Quick-take for sidewalks and bike paths by government is no longer acceptable under the law in Ohio!

This story is really HUGE, but it has quit a few moving parts, so bear with me.

Bike paths and sidewalks are being built all across the United States so that someday, when we are forced to abandon are cars, we will have bike paths on which to travel. However, since bike paths are really expensive the feds have done two things to get local government to agree to build the bike paths. First the feds offer grants to the local government (the money is usually funneled down through regional boards), which in theory helps cover some of the cost of the road itself. In return the local government often has to promise to use a Complete Street design. A Complete Street design requires sidewalks and bike paths be built adjacent to the road that is being built or repaired.

It is not uncommon for these extra features, which really add to the overall width of the project, to force the taking (eminent domain) of private property on either side of the road bed.

To receive and keep the grant the local government has to adhere to a strict time-table. That means, if a property owner chooses to fight the loss of their property, the time-table may be slowed to the point that the grant may be lost. This explains why some local governments have used the “quick-take” process, which allows the local government to come onto contested property and get on with the project denying the property owner their day in court.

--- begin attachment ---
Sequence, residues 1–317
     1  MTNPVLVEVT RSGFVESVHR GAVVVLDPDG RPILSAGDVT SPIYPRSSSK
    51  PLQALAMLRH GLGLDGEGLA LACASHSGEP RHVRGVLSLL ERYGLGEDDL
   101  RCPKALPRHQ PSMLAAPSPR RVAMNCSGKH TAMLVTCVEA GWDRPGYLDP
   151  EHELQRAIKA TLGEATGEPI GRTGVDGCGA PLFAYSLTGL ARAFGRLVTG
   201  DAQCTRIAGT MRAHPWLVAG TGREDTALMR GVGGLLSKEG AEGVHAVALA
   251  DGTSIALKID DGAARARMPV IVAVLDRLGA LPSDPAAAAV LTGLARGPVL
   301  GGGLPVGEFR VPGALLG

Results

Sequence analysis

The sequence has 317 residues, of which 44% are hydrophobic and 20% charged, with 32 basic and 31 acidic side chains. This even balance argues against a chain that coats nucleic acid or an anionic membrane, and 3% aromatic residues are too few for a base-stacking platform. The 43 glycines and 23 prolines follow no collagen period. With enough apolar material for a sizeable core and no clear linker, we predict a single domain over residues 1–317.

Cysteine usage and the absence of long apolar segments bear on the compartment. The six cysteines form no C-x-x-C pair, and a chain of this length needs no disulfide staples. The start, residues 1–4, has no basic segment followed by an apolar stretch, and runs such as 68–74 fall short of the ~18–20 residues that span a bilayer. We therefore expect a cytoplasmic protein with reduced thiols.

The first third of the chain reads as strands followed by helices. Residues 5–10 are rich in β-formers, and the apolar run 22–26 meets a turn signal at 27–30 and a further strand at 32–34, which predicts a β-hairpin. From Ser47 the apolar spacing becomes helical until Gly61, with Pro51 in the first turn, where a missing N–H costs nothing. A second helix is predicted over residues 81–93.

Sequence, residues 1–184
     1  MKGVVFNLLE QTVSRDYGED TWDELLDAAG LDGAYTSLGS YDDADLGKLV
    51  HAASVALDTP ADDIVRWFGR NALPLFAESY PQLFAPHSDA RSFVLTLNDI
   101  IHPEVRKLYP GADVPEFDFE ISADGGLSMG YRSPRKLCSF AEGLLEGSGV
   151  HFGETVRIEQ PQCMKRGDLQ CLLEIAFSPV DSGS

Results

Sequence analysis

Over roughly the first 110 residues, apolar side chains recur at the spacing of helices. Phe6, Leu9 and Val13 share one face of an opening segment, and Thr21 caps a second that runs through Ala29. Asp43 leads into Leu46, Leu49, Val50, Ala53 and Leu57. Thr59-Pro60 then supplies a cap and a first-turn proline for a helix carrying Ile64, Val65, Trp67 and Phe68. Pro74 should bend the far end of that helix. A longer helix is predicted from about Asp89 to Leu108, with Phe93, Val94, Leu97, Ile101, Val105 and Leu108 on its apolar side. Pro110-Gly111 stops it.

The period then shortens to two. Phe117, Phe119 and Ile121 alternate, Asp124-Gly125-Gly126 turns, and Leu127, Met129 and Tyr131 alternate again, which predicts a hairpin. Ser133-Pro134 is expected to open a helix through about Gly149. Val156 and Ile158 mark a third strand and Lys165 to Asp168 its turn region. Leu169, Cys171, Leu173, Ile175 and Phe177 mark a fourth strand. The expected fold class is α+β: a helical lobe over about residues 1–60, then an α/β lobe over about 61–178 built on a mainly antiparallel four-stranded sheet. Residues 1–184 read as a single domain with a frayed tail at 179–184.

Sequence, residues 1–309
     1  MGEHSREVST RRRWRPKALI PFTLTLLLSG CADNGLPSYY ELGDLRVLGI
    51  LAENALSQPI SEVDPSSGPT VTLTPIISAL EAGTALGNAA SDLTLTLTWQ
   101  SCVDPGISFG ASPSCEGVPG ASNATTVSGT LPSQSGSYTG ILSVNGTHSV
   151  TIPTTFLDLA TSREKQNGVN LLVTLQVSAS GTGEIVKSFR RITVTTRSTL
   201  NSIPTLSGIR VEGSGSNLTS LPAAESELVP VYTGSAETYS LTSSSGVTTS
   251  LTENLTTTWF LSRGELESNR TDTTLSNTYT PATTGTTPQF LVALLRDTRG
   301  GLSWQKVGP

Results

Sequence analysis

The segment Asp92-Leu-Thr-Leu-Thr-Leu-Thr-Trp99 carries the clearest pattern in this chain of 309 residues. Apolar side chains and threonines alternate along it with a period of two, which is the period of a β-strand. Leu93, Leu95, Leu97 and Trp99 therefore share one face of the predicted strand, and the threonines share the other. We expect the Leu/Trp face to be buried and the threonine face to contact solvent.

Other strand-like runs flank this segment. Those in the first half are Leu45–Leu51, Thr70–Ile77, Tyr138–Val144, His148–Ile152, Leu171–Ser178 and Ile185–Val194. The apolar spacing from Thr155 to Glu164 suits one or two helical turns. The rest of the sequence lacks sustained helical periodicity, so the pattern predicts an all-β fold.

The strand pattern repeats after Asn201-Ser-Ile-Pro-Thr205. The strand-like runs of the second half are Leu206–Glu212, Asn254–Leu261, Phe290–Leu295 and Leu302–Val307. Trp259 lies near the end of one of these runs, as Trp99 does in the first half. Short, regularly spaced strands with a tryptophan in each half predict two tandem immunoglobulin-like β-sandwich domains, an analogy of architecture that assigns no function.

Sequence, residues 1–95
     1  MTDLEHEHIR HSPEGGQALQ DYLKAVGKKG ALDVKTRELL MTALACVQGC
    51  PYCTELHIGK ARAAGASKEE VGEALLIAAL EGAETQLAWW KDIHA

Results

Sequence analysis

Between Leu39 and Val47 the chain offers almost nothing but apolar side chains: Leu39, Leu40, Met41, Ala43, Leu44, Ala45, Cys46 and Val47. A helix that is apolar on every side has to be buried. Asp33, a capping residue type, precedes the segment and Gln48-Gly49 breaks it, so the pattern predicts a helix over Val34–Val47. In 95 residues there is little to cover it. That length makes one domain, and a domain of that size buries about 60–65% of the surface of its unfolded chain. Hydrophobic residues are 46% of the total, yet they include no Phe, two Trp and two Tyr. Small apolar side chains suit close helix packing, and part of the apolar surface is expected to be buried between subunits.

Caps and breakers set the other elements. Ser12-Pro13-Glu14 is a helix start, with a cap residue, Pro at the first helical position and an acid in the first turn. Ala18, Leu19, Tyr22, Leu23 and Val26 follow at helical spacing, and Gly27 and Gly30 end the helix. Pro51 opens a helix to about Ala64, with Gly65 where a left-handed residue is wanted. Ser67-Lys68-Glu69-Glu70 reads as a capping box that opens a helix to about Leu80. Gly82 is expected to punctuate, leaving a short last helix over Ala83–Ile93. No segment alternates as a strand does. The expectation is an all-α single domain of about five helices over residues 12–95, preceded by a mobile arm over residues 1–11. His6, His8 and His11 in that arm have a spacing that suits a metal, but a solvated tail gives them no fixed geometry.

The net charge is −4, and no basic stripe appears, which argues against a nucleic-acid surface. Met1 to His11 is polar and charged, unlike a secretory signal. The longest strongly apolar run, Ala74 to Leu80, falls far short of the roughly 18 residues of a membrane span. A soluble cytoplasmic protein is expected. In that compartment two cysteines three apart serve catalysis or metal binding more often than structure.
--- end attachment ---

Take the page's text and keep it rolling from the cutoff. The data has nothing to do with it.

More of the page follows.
The logic has been that quick-take has been acceptable in the past to speedily facilitate the building of roads, but in recent years quick take is being used for sidewalks and bike paths, too.

In Perrysburg, Ohio this situation with a slight twist (the land was being taken, not by the property owners’ local government, but by a neighboring local government!) occurred. You can read this interesting story by clicking on this link.

What makes the Perrysburg, Ohio situation different is the homeowners who were threatened with eminent domain used the talents of Maurice Thompson Executive Director of the 1851 Center for Constitutional Law. Thompson was able to win this incredibly important court case which will prevent quick-taking property to build sidewalks or bike paths.  This will force the system to provide property owners their day in court and make it much more difficult for the Complete Street design to be used. Thank you, God! You can read about this important case by clicking on this link.


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